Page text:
Mailing List Archive: 49091 messages

## [REBOL] Re: Rebol values (continuing the discusion)

### From: lmecir:mbox:vol:cz at: 18-Apr-2005 18:26

```
Gabriele Santilli napsal(a):

>I'd  just  point  out that you are still referring to the numbers,
>not  their  representation.  So,  as  long as only one "1" exists,
>there  still  can  be  many  representation of that one "1".
>
Yes.

> REBOL
>integers are not numbers, but representation of numbers.
>
The same could have been said in mathematics too as my previous post was
pointing out - see e.g. pairs of integers as models of rationals. It is
quite hard to "invent" a representation of rational number not having
the "ambiguity" property, because e.g. 1 / 3 can be represented as 2 /
6, 3 / 9 etc.

IOW, when we have got a representation, it is time to "forget" about it
and to try to describe the properties that do *not* depend on the
representation. Some properties become "accessible" if we "forget" the
details. (It is not obvious why this is true.)

One case illustrating failure to do so in Rebol is the sentence:

...Returns TRUE if the values are identical objects, not just in
value. For example, a TRUE would be returned if two strings are the same
string (occupy the same location in memory)..." This is plain wrong
mainly because it didn't "forget" implementation details. "...values are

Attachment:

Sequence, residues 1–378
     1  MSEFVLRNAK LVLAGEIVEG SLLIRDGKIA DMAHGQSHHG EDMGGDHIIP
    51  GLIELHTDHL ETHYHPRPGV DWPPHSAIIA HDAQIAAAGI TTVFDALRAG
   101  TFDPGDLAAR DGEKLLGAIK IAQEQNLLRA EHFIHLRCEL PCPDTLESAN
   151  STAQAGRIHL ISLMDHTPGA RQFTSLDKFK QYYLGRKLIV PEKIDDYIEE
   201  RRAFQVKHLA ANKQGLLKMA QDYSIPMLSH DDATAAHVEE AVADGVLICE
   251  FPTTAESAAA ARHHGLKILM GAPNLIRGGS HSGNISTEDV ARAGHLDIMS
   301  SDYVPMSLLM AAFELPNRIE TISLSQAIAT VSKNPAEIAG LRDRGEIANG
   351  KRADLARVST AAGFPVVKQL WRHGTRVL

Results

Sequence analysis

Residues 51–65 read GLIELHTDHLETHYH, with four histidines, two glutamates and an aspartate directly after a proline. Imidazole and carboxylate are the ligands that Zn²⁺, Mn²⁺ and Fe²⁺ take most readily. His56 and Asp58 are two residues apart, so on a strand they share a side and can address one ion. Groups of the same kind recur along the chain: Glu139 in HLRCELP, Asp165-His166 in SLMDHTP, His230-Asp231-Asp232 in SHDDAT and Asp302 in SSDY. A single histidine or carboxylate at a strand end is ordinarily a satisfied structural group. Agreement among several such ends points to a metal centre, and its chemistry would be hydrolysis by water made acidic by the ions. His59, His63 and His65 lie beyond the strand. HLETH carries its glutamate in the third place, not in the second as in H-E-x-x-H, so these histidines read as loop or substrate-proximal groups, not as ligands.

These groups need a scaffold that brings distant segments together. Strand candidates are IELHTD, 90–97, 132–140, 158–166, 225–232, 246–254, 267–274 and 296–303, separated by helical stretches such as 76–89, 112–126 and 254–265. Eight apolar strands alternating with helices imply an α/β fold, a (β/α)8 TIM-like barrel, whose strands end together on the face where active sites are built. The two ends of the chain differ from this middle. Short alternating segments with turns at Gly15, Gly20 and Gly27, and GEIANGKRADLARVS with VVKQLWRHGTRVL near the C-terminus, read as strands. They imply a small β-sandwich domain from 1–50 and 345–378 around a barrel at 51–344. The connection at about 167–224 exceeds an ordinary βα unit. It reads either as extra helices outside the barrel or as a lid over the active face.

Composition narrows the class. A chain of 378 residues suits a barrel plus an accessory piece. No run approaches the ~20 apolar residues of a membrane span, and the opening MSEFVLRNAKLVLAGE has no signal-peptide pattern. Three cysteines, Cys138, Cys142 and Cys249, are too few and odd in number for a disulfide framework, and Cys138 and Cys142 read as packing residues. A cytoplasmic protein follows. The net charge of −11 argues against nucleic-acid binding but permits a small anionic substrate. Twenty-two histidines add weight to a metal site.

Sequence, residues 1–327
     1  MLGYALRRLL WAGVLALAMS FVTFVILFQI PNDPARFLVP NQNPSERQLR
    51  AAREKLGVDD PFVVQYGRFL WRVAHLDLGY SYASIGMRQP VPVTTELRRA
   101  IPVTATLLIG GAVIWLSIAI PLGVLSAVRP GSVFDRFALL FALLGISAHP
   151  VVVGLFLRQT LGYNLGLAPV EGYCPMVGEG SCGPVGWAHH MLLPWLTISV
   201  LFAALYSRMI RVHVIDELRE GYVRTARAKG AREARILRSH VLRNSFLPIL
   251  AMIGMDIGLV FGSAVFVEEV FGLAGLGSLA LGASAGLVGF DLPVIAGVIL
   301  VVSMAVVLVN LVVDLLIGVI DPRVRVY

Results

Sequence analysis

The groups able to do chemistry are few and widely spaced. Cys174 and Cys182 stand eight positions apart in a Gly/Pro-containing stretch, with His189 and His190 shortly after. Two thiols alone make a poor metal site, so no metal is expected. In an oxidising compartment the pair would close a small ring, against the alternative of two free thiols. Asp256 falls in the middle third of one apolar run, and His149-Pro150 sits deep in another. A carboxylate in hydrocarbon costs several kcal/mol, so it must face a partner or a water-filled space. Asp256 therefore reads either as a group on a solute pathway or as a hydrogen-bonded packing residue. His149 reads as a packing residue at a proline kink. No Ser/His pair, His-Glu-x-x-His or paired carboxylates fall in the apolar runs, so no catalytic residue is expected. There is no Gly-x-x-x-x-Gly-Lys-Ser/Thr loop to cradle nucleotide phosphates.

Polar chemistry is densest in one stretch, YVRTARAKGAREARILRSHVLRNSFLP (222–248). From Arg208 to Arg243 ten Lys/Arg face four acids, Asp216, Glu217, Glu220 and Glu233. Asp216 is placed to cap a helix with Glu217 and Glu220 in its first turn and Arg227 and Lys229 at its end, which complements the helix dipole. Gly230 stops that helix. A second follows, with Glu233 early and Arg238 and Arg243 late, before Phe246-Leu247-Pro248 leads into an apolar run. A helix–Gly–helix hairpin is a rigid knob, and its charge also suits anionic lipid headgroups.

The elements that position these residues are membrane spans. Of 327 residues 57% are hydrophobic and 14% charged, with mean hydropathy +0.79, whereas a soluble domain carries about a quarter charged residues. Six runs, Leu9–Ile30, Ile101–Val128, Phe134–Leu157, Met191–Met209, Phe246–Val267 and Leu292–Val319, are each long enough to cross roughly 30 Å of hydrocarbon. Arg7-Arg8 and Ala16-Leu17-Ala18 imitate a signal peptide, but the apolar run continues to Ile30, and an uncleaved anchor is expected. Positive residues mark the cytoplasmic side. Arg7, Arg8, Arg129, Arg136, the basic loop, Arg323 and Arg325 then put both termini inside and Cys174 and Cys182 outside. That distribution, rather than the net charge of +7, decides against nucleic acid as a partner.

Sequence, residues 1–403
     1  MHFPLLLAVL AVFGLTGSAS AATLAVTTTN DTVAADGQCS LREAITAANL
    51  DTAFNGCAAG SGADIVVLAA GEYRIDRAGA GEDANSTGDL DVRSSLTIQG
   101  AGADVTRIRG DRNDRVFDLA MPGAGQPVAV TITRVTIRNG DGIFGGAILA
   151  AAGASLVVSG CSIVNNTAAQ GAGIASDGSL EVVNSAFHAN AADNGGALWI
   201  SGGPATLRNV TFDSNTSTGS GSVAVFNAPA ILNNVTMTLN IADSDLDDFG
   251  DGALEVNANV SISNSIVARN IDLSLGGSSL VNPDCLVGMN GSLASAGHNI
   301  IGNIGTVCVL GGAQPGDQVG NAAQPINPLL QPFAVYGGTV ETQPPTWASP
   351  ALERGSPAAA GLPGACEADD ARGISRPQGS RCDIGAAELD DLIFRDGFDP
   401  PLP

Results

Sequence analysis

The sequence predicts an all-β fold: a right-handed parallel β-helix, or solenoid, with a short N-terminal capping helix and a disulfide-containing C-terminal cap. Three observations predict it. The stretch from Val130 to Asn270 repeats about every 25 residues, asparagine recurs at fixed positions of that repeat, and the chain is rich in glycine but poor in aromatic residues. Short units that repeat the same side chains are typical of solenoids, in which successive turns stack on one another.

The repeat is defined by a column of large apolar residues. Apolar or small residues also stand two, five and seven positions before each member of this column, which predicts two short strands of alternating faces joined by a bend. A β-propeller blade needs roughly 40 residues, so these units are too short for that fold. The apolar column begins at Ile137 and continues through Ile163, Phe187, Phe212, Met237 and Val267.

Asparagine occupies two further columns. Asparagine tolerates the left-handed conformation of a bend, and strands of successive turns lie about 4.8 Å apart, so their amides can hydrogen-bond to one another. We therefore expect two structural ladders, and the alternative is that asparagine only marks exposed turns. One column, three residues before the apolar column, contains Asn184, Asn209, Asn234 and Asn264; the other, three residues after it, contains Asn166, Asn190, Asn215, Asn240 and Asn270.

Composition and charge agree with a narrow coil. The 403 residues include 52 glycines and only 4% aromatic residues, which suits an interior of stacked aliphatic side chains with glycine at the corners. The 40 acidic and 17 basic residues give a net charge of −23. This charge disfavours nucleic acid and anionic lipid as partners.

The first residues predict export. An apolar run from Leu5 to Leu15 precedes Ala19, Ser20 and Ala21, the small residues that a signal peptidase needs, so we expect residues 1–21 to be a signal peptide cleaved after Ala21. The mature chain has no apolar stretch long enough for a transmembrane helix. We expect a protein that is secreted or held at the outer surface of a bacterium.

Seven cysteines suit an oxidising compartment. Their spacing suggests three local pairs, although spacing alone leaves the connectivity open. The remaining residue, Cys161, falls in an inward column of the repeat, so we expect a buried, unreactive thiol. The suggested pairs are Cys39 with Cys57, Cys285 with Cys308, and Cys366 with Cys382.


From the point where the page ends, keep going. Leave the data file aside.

identical objects, not just in value..." shows the confusion.

>I  don't think one discussion should be considered "more true" ;-)
>than the other.
>
Would you consider it right to say that 1 / 3 and 2 / 6 are two distinct
but identical rational numbers? (This surely has got some "rational"
core, because set-theoretically these *are* two distinct representations
of one rational number).

BTW, unique (also normalized) representations may be "unsuitable"
sometimes - see e.g. the case of BCD numbers, where an "unnormalized"
(1.00) representation may carry additional useful information, which
isn't "present" in the normalized (1.0) one.

Anyway, a question "Which look suits better a particular purpose?" is
legitimate. I am not saying there aren't purposes needing "specific
details". But even in that case the "normal" look is, that although
there are many distinct representations of one rational number, the
rational number in question is just one rational number.

The translation to Rebol value case is straightforward and is done by
you below:

>LM> There is not a complete counterpart of the above article written in an
>LM> "implementation dependent" style and there never will be such a
>LM> counterpart, because the implementation dependent terminology is
>LM> intrinsically inconsistent. A notion: "distinct but identical"
>LM> illustrates well the trouble one gets into when using it.
>
>This   problem  goes  away  as  soon  as  you  say  "two  distinct
>representations  of  the  same  value".
>
Yes! That is what I am trying to say all the time! "Two distinct
representations of the same value" is it.

>I  agree  that  an  "abstract",  i.e.  implementation-independent,
>description  of  REBOL  is useful; however, only Carl could really
>provide  us  with  something  like  that.
>
I have shown above, that in a specific case he didn't succeed to do it
just because he didn't "forget enough implementation details". Moreover,
my article inspired his short Same? function description, see the
evolution of the Same? function help. This proves (for me at least) that
the last statement needn't always be true.

-L
```